Trade fair 2017

LIGNA 2017

The business unit Casting Products will again attend in 2017 the trade fair LIGNA from 22nd to 26th May 2017 in Hanover.

We will exhibit part for biomass combustion, anchors for refractory lining and different machining parts.


Investment castings are a clever option in cases where design solutions for small and complex components are required. We not only provide you with advice and support during the planning stage of new products but also in the run-up to production.


Even complex geometries can be realised ensuring high dimensional accuracy and cost effectiveness.

This is an ancient process: findings from the period around 3000 B.C. reveal a long history of investment castings. With the historical lost-wax casting process, patterns are made from bees wax and encased in clay. After drying the clay, the wax is melted out, subsequently the clay is burnt and then metal is cast into the hollow space. After cooling, the clay is removed. This process was used for manufacturing jewellery and ornamental castings and its principle has not fundamentally changed over thousands of years. Introduction of casting heat-resistant mould materials and casting sands after the mid-20th century represented a milestone in investment castings: from then, it has been possible to process metals with higher melting temperatures at approx. 1,600 °C, which has paved the way for industrial application of the process. Today, the investment castings method is widely used in all industrial branches.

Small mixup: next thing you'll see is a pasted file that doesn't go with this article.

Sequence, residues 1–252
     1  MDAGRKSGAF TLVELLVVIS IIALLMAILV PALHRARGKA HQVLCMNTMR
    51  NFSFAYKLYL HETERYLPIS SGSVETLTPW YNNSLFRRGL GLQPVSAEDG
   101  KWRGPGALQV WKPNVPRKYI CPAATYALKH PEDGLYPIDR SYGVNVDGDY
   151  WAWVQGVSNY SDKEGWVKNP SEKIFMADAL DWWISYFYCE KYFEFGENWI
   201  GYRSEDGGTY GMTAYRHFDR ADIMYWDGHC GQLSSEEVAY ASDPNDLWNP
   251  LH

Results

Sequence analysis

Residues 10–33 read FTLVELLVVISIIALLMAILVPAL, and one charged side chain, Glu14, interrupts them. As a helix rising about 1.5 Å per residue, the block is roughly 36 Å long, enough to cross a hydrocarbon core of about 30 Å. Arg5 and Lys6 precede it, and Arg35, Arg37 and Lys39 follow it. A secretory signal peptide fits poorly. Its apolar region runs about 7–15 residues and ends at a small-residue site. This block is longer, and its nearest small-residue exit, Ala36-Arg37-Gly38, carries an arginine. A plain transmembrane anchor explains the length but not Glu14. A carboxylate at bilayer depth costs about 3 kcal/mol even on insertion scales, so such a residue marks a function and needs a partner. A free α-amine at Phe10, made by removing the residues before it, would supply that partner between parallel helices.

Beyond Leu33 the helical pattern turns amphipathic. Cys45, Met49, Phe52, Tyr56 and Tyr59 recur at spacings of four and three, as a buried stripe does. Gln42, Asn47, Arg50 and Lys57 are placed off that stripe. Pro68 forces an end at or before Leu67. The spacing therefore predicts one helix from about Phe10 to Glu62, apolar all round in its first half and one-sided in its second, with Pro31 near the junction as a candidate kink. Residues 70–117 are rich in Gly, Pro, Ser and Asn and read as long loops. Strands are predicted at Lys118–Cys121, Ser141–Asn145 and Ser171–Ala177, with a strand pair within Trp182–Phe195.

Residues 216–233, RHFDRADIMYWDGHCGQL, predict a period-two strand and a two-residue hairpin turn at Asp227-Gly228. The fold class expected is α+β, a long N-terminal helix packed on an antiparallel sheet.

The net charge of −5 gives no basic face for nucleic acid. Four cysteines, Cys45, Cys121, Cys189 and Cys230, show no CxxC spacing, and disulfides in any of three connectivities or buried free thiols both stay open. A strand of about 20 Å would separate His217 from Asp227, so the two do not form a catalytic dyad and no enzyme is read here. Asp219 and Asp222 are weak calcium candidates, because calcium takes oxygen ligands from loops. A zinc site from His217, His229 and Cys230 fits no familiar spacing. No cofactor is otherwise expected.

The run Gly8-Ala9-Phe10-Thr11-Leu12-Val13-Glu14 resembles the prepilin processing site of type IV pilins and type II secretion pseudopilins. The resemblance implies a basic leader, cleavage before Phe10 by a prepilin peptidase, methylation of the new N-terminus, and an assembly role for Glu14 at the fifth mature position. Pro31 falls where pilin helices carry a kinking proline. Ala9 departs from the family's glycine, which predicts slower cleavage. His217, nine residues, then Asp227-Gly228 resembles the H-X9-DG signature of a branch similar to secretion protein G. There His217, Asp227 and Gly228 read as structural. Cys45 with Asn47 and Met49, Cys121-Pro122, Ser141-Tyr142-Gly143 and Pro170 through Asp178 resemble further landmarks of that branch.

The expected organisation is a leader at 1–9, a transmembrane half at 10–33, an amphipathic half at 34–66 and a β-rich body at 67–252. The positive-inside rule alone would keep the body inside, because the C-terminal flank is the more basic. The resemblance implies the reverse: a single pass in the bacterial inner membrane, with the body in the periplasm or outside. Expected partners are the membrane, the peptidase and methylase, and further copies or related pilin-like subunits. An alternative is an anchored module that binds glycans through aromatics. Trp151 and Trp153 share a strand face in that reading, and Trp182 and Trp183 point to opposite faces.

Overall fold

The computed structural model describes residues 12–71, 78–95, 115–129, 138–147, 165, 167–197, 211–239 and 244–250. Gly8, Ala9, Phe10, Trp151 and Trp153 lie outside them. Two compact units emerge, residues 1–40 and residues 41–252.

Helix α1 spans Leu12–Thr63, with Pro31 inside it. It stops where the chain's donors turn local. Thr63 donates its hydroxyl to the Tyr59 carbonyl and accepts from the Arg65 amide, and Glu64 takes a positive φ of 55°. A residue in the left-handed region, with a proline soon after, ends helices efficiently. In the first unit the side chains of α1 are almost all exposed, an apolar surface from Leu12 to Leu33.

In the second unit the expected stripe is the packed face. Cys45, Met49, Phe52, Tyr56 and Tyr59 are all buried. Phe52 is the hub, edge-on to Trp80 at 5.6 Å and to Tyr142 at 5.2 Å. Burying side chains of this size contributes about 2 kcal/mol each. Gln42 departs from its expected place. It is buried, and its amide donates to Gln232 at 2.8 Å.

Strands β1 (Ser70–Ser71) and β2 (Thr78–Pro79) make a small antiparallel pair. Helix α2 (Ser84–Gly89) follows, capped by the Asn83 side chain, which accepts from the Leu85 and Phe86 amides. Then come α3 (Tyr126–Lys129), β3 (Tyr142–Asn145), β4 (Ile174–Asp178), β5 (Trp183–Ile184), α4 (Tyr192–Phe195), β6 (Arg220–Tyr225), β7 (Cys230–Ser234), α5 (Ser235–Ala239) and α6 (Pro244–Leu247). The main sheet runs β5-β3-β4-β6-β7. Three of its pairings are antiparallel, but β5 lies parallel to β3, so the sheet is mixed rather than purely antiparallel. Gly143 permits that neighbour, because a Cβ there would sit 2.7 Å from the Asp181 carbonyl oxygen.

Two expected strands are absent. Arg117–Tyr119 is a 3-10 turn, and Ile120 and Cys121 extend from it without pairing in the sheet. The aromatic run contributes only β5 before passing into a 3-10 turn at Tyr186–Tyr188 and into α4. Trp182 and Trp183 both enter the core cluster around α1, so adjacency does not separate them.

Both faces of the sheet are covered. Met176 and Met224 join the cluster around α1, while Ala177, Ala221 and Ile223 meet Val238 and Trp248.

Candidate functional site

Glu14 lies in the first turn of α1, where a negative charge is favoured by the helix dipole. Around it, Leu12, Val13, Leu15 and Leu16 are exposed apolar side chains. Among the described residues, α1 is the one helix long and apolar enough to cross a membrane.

The range of materials and the variety of shapes have increased at a breathtaking pace since the beginning of industrial application. In addition to the large choice of steel alloys, cobalt and nickel alloys as well as non-ferrous metal alloys containing aluminium, copper and titanium are processed today. Even shapes with complex geometries, such as cavities, undercuts and fluting can be manufactured without any problems, which saves material and weight right from the start. The investment castings process is characterised by high dimensional accuracy and compliance with low tolerance values in a range of +/- 0.5 percent of the nominal dimension. Precision cast workpieces have a smooth surface and hardly require finishing. All in all, compared to cutting processes, this method provides advantages both in terms of quality and efficiency so that even processing rare and expensive materials pays off from the outset.

With the investment castings method it is possible to manufacture workpieces with a weight ranging from a few grams up to 100 kilograms. Batch sizes are variable. And thanks to a technique referred to as Rapid Prototyping, even single pieces can be produced in a straightforward and efficient manner. Rapid Prototyping, also referred to as Rapid Tooling, is a CAD-based, quasi-"virtual" production of series-identical prototypes or pilot series. The development phase of a workpiece can be considerably shortened due to computer simulations, which gives users an important competitive advantage. There are no limits in complexity of the cast parts, which, in turn, creates new opportunities for applications in mechanical engineering and the automotive industry as well as in product design.

The options are almost limitless and thanks to computer-aided technologies, development is ongoing. In future issues of ausSICHT, we will start a series of articles highlighting the key subjects of investment castings, such as rapid prototyping, alloys and special materials.

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